This is the situation to be addressed. These are the lobbies to be broken, but these are precisely the groups to which the ideology your side is so inextricably bound. That the democrats are, in reality, no better, is only a further means to see that the entire system is corrupted probably beyond repair.

PS. If I have to explain to you where wealth is "most needed," then you are not only mentally impared and deficient but meniacal.

Last edited by rhubroma; 04-16-12 at 18:08.
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  #2522  
Old 04-16-12, 18:12
Scott SoCal
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Originally Posted by aphronesis View Post
Right, so now that you've dropped your farcical MLK "everyone has a dream," moment of fatigue; which part of your wealth is your wealth?

Easy question Scott. Please do explain it to me.

The fundamental disagreement here is that you want to talk politics, but only "as the economics guy," problem is: most people here don't think that the economic is separable from the social or the political. In that regard, Krugman and Velocity might actually be the closest to you.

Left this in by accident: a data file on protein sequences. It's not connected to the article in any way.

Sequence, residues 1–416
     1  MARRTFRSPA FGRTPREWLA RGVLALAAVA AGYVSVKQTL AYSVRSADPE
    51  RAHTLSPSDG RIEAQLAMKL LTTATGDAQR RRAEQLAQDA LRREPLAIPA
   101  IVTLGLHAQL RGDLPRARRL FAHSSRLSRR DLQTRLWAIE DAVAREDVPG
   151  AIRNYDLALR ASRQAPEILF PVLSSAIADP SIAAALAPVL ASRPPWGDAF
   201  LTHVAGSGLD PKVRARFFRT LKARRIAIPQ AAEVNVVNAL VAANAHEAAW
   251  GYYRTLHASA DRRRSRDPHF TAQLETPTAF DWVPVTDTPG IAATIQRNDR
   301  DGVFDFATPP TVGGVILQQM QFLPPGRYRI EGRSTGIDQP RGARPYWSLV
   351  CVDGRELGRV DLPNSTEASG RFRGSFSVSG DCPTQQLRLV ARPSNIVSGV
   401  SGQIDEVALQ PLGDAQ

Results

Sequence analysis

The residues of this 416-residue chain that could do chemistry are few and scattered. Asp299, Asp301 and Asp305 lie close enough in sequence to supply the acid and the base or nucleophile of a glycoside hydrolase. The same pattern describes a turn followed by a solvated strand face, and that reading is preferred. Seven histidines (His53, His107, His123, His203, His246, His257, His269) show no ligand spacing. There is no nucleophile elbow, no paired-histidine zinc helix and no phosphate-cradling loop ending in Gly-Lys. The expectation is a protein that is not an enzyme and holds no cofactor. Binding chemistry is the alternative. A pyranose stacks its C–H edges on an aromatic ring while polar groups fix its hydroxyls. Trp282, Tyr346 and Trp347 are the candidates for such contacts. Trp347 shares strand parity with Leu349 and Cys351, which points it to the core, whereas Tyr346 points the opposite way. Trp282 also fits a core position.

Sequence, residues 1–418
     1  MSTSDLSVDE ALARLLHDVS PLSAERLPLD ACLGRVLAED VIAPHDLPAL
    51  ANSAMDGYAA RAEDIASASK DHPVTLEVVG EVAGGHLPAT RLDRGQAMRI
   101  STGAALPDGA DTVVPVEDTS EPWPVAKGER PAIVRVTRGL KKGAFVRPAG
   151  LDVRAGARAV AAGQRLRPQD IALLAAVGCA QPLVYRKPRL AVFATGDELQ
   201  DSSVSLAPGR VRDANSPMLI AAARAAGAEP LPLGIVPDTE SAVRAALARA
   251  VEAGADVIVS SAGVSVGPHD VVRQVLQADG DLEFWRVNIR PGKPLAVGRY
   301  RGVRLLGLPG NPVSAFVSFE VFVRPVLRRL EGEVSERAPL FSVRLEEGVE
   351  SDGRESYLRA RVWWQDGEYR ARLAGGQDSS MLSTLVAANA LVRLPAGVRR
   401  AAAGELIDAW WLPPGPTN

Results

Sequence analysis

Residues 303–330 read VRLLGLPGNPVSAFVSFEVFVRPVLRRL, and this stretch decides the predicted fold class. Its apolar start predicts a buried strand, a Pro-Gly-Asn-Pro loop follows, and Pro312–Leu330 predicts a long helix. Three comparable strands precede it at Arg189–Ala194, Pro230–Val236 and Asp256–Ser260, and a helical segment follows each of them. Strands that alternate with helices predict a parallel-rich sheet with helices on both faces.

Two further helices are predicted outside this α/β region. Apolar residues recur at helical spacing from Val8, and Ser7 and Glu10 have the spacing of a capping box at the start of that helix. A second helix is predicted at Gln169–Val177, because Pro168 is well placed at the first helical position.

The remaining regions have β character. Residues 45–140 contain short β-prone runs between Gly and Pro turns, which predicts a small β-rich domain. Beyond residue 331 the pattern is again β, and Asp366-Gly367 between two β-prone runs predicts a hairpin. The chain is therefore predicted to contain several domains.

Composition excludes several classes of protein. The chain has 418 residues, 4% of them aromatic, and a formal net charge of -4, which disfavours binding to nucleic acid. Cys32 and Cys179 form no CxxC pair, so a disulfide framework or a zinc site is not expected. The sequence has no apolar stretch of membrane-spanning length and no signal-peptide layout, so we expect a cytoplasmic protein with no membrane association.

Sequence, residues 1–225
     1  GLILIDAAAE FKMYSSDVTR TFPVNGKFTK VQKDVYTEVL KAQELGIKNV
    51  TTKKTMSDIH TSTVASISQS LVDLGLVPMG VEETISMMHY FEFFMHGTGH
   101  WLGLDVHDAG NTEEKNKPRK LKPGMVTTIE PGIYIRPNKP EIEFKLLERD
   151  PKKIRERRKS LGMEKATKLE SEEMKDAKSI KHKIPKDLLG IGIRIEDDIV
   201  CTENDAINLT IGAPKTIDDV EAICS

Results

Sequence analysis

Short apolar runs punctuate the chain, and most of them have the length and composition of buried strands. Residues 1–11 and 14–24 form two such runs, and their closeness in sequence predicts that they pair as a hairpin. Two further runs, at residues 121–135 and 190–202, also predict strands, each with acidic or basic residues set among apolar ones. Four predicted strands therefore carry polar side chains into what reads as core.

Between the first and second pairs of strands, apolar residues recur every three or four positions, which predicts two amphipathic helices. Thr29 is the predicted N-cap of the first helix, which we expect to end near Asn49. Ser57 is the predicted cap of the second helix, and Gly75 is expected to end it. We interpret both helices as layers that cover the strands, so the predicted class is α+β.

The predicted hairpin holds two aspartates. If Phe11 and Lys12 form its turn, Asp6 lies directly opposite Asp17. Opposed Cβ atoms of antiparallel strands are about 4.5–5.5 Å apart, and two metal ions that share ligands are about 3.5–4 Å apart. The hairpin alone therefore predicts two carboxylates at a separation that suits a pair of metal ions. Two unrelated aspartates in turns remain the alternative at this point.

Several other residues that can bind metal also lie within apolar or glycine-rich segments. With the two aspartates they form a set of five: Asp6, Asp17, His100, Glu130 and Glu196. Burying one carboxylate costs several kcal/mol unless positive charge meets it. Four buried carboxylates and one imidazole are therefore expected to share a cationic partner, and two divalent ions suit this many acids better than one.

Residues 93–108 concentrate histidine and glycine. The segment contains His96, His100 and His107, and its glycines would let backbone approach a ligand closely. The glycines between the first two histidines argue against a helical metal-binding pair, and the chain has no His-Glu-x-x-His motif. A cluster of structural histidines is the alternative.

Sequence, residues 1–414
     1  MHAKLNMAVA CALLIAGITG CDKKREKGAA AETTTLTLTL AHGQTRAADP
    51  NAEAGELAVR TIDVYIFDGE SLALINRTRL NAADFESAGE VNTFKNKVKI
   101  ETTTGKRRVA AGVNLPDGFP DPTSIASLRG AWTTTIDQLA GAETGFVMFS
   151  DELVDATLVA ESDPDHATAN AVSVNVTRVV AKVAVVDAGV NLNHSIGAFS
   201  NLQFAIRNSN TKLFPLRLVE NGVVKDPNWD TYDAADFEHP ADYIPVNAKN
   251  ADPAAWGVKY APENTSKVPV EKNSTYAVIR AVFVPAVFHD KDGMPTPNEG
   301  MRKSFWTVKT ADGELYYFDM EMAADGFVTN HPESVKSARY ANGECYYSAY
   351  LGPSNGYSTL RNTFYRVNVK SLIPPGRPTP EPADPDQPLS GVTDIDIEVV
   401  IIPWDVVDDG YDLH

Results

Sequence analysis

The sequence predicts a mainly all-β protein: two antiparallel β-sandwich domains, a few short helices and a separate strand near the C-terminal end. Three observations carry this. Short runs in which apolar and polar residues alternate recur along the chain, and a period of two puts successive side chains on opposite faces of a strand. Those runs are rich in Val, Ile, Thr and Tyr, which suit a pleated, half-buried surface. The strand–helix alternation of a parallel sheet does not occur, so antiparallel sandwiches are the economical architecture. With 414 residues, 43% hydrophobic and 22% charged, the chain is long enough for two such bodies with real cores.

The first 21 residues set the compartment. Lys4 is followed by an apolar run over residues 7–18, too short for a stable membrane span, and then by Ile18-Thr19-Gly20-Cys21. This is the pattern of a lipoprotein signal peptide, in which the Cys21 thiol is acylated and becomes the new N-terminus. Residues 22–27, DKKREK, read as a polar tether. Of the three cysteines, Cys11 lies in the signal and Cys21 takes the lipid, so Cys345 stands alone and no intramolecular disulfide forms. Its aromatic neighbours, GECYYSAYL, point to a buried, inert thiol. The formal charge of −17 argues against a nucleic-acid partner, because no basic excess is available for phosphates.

So in that sense it seems you really only want to talk about what a bummer it is lately to make a buck--or 300,000.

You've maintained in the past that politics are thoroughly corrupt and yet the economy is just "ailing" "weak" "in trouble." Please Scott, do enlighten everyone and explain how the "economy" (something like an 18th century garden I guess) can be extricated from the political and set back on its feet again? And while you're at it, please do it in such a way that the US economy is autonomous from all other world economies and therefore not debt financed.
Quote:
Right, so now that you've dropped your farcical MLK "everyone has a dream," moment of fatigue;
Not sure WTF you're on about there.

Quote:
which part of your wealth is your wealth?
Easy answer. That which is not taxed.

Quote:
The fundamental disagreement here is that you want to talk politics, but only "as the economics guy,"
Really? More positions assigned to me I suppose.

Quote:
problem is: most people here don't think that the economic is separable from the social or the political.
I would replace 'most' with 'all'.

Quote:
So in that sense it seems you really only want to talk about what a bummer it is lately to make a buck--or 300,000.


Quote: